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Everything You Ever Wanted To Know About Mathematical Optimisation

Today we explore some of the frequently asked questions around mathematical optimisation.  For the most part, the questions are answered in the context of credit risk.  However mathematical optimisation and operations research, in general, have many applications.

What exactly is “Optimisation”?

“Optimisation” is an advanced mathematical technique used to find certain best values to improve a business problem.  It is used in various industries to solve a variety of business challenges.  In credit, visionary lenders are adopting optimisation to make better credit decisions.

In the credit space it has been used for (amongst other things):

  • setting optimal loan amounts to offer (term credit products)
  • deposit amounts to request (secured lending)
  • credit limits and overdrafts to set (revolving)
  • credit limit decreases and limit increase offers (revolving)
  • authorisation strategies (revolving)
  • pricing of loans
  • customised discounts to offer (cards and retail)
  • vouchers to offer (retail marketing)
  • calculating collection settlement amounts

For example, we may need to find the best individual credit limits to offer each of our customers. The goal will be to boost the profitability of the business while reducing bad debt, adhering to lending legislation, reducing attrition, increasing spend and not over-indebting customers to the point where they can’t pay.  Essentially Optimisation is a big mathematics problem.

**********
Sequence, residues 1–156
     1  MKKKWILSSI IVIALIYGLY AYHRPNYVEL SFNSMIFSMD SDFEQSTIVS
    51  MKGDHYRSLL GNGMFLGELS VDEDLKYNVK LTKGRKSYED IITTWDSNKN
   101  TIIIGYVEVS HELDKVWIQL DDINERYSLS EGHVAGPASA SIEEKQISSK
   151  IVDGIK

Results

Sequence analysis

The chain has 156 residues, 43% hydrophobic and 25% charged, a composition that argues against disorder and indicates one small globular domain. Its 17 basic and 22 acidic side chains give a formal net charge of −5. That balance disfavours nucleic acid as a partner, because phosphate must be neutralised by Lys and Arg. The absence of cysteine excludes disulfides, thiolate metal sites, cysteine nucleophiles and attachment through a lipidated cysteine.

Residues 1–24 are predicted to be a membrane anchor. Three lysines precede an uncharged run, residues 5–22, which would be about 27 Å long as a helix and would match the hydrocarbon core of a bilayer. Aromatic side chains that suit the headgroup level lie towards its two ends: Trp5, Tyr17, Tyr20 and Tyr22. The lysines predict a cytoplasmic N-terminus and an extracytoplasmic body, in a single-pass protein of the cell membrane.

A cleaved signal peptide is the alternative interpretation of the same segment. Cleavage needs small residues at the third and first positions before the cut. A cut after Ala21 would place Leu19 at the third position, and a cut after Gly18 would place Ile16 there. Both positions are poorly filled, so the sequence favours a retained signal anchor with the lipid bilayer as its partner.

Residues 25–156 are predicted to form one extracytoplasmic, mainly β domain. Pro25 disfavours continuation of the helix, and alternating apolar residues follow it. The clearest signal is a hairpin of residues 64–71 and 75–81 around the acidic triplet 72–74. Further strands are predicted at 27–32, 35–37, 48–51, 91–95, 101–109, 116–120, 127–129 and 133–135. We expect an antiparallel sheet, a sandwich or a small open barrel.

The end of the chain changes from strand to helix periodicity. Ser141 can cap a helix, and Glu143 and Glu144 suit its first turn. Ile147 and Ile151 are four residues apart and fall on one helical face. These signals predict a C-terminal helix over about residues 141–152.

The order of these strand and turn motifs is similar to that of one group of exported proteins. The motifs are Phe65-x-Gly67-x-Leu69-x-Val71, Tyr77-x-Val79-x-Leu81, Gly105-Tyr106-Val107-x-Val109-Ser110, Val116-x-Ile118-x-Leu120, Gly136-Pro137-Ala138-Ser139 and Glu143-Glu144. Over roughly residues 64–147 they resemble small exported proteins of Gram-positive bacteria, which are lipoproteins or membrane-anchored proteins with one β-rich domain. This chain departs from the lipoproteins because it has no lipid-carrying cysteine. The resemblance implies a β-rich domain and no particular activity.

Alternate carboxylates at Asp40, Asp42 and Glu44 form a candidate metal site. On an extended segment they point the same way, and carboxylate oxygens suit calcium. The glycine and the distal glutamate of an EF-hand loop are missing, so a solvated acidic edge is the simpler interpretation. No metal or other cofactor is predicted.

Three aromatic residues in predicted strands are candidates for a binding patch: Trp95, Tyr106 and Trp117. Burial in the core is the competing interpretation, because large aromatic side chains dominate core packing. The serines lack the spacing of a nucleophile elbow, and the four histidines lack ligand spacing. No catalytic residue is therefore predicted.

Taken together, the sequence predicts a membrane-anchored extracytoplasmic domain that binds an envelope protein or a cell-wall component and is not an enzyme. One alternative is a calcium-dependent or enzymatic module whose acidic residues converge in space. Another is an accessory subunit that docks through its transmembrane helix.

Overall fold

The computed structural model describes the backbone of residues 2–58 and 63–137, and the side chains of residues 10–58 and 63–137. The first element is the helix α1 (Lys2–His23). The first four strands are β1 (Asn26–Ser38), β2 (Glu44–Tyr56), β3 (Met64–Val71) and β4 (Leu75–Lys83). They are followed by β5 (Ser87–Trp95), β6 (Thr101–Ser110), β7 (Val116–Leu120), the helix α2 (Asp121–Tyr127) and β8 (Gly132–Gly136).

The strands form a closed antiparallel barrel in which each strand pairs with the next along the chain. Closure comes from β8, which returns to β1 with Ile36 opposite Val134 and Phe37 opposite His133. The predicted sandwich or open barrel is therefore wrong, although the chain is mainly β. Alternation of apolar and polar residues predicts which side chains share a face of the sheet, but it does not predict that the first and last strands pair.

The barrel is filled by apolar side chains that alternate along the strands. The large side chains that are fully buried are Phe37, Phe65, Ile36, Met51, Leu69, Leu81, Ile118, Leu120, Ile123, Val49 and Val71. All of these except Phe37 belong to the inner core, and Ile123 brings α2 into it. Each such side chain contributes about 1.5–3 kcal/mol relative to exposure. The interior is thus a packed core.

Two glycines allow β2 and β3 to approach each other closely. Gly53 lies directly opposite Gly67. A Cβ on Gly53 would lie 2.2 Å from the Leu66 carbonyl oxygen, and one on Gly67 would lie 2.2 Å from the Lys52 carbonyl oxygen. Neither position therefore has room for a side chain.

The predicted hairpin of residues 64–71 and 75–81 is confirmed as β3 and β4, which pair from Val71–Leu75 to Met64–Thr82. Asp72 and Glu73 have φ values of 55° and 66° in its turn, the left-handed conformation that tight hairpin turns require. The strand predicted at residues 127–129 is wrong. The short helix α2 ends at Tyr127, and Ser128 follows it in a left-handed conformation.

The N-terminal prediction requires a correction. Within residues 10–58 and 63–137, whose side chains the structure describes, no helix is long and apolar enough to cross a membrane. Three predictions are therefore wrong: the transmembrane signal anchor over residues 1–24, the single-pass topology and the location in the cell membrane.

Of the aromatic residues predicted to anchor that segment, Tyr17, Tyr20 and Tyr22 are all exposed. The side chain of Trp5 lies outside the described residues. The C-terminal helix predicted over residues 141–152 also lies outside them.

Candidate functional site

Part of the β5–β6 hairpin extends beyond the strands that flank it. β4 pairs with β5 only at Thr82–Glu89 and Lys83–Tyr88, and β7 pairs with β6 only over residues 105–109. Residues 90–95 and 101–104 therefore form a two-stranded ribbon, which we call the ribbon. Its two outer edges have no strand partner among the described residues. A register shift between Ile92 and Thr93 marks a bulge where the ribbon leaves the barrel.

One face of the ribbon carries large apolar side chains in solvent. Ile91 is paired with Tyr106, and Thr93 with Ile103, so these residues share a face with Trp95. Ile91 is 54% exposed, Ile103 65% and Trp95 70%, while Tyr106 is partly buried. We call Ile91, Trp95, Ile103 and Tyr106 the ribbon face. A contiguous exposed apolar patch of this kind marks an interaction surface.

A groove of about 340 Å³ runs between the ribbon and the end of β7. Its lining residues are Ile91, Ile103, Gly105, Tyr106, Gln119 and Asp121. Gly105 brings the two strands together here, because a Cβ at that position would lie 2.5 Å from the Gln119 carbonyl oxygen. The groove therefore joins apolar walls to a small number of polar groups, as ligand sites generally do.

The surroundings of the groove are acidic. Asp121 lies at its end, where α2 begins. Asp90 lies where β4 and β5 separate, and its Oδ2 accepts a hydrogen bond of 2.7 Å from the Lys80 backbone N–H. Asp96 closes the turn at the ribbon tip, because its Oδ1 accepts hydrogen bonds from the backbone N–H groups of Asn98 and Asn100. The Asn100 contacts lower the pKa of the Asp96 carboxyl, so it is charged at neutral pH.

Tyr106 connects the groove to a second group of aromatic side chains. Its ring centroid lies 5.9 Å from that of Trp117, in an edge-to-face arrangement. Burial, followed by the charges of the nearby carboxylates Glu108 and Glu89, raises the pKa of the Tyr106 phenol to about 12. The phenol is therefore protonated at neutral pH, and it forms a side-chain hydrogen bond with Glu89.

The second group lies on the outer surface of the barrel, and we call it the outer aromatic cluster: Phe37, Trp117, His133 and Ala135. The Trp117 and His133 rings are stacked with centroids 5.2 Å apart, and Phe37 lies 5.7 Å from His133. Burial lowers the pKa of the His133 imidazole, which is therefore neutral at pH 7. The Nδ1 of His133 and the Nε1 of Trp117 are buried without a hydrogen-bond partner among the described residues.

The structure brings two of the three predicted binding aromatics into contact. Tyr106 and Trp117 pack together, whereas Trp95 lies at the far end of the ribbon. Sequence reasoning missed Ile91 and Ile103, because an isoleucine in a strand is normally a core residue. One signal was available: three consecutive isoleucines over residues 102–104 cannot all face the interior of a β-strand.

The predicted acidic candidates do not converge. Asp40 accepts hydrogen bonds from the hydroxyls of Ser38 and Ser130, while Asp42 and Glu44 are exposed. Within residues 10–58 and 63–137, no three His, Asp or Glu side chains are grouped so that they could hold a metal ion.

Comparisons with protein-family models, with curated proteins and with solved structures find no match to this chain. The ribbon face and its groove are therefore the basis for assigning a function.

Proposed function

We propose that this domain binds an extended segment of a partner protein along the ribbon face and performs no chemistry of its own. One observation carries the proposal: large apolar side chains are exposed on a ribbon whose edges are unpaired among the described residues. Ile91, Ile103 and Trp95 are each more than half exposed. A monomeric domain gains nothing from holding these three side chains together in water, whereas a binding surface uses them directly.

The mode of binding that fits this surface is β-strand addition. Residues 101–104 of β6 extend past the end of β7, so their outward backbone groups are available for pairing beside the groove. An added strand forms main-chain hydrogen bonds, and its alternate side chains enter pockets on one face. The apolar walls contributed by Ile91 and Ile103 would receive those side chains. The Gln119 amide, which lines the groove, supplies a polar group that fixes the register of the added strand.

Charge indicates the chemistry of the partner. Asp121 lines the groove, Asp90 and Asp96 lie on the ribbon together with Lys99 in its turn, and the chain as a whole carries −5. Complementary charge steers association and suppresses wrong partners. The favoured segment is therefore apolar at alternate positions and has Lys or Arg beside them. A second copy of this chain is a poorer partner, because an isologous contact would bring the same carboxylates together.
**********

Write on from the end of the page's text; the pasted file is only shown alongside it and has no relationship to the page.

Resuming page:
How is this different from using a scorecard?

Scorecard strategies tend to be a lot less complex than Optimisation. The following table gives the decisioning evolution of organisations from traditionalists to visionaries.

Optimisation typically uses a variety of models with the strategy design – this may include multiple scorecards, affordability models, action-effect models, local constraints (e.g. credit limits cannot exceed $25,000), and global constraint conditions (e.g. the sum of all limit increases must be less than $100,000,000).

Traditionally, scorecards and analytical strategy design tools use historic data to predict likely behaviour, but inherently assume the observations will be treated as it were in the past. Optimisation analyses all the potential relationships that exist between the profile characteristics and the potential terms of business (strategy treatments) in order to build an optimised strategy that maximises the business objective (e.g. profit) within the client’s portfolio constraints. Action effect modelling is used to determine the impact of decisions at an account level.

What type of business problems can optimisation solve?

Optimisation has been proven to provide significant lift when applied throughout the credit lifecycle. At any point where a decision is taken, optimisation can assist in making the best decision.

The scope for optimisation within non-traditional “non-credit” areas is very wide. Optimisation can also contribute significantly to making operational processes more efficient. Some industries and applications are noted below:

  • Logistics – finding the optimal flying/shipping routes for passengers, freight
  • Machine processing – e.g. optimise the use of machines (e.g. printers, generators), to schedule maintenance, and to improve output
  • Working schedules – used in factories, call-centres and hospitals, for example
  • Viability models – determining viability models of mines, machines
  • Pricing models – used in the airline industry to price tickets
  • Floor planning – determining the optimal floor plan in a factory, parking lot, office space